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Tips For A Healthy Workplace During Cold And Flu Season

It’s officially Autumn! Although it feels unseasonably warm now, cooler weather is on its way and with that comes cold and flu season!

How can the flu impact your workforce? What can you do to help prepare your employees and encourage wellbeing?


Not only is the flu a threat to our health, but also to the wellbeing and productivity of our organisations.

Your company culture should make employees feel comfortable staying home when sick. Although some may consider coming to work regardless of how you feel a show of dedication, it can actually be very counterproductive! When your employees feel under the weather they are often less productive, they risk spreading illness to colleagues, and they can be hindering their own recovery by not taking time to get well.


The flu vaccine is considered the most effective way to protect from the flu. NSW Health recommends everyone ages 6 months and older who want to reduce the likelihood of becoming ill with flu get a flu vaccine annually. With flu season generally beginning in April and peaking between June and August, NSW Health encourages vaccination during autumn months.

As part of your workplace wellbeing efforts you can consider offering an on-site flu shot clinic to make it quick and easy for your employees to get the vaccine.

What else can you do to prepare your workforce?

  • Educate employees about flu symptoms, how the virus is spread, and what they can do to prevent getting sick. Also, help make sure they understand the difference between colds and the flu.
  • Encourage increased hygiene. Though it seems like common sense to cover your coughs and sneezes and to wash your hands often, they are still important reminders. The flu can be spread through these methods even before you start feeling symptoms. Keep disinfecting wipes handy to clean frequently touched surfaces like doorknobs, keyboards, and phones. Provide tissues, hand sanitisers, and other supplies to promote healthy hygiene.
  • Communicate with employees to review company policies regarding sick leave and working from home. You don’t want sick employees coming into the workplace and risking the health of coworkers, so make sure they know their options. If your organization wants to encourage working from home when not feeling well, make sure to arm employees with the necessary technology for working remotely.

Help foster employee well-being by encouraging healthy behaviours this flu season!

Family Friendly Doesn’t Mean Fiasco

Creating a family-friendly work environment used to have managers in a panic about sky-rocketing costs and worried about service levels, but it doesn’t have to be that way. Family-friendly can be a win-win situation in SMEs.

With the increasing rate of parents (both men and women) trying to balance family with work responsibilities and single parent families, companies have to embrace family-friendly practices to compete for the best employees.
How do you implement family-friendly practices without the pain?

While there are a number of legally required family-friendly work practices that every employer must provide (such as maternity leave), there is also an array of simple, cost neutral ideas that can be implemented effortlessly and with no negative impact on the business or your clients. It is these ideas that can really make the difference when employees are weighing whether or not they will look for another role or join your business in the first place.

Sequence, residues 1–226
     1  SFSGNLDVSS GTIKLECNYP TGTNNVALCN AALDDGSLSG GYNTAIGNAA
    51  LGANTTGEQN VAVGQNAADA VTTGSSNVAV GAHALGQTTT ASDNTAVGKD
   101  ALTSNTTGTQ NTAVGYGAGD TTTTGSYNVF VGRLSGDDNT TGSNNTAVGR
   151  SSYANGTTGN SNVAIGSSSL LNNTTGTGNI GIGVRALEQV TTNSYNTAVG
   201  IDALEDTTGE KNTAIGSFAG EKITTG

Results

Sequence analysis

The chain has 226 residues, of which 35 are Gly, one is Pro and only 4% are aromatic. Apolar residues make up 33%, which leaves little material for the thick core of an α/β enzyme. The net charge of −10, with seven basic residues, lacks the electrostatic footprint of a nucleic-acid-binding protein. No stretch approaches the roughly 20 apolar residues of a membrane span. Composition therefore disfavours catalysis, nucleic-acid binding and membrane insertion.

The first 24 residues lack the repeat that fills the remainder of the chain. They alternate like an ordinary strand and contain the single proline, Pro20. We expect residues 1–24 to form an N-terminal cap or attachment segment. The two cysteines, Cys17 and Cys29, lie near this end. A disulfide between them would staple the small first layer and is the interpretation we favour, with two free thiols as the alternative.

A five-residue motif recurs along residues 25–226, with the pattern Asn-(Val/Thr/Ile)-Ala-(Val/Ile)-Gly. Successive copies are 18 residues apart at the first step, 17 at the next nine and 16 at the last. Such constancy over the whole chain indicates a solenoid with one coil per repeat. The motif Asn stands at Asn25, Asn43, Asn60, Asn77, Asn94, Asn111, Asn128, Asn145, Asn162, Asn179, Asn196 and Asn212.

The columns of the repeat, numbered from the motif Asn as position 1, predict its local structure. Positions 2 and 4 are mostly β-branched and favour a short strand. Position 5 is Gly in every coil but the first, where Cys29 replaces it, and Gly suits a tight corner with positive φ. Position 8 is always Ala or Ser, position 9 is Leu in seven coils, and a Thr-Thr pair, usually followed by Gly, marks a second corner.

Embracing family friendly can be really easy. Why not start by:

  • Allowing employees to start work earlier and leave earlier; or start work later and leave work later
  • Allowing employees to take a reduced lunch break so they can leave early every day or accumulate those short lunches to leave early one day a week (but remember no break at all, may be bad for concentration and even in the worst situation illegal.)
  • Considering a four-day week or a nine-day fortnight option where employees work the same hours but in a reduced number of days
  • Job sharing, where two or more employees share the same role. It is a great way to balance work and home and it also provides businesses with some built in holiday or resignation coverage
  • Implementing telecommuting opportunities in appropriate roles
  • Allowing parents to “bank” extra hours worked (without penalty rates paid) so they can utilise the account to attend to family needs.

Why not stop:

  • Automatically saying no to requests without first discussing how they could work in your business and teams
  • Resisting change out of fear that it may be too hard to implement or you can’t go back. Document any agreement you make with an employee as a “trial” for a specific period of time and give it an opportunity to work. If at the end of the trial, it hasn’t worked you can explain why the business can’t offer that flexibility going forward. Your employee is more likely to appreciate the attempt than if you just say “no”.

You can also put financial concerns to rest with the truth about family-friendly working environments. You don’t have to change the whole way you work to be family friendly, but it will change your business through its advantages.

Benefits of being family friendly environment include:

  • Increased employee engagement, and its demonstrated positive impact on your bottom line
  • Longer retention of current employees which increases customer satisfaction
  • More potential employees seeking to join your business, which decreases service interruptions
  • Reduced levels of employee absenteeism allowing improved scheduling and work completion

For more information on these or other family-friendly ideas, contact or call 02 9907 6837 for an obligation free chat. Impact HR are based on Sydney’s Northern Beaches.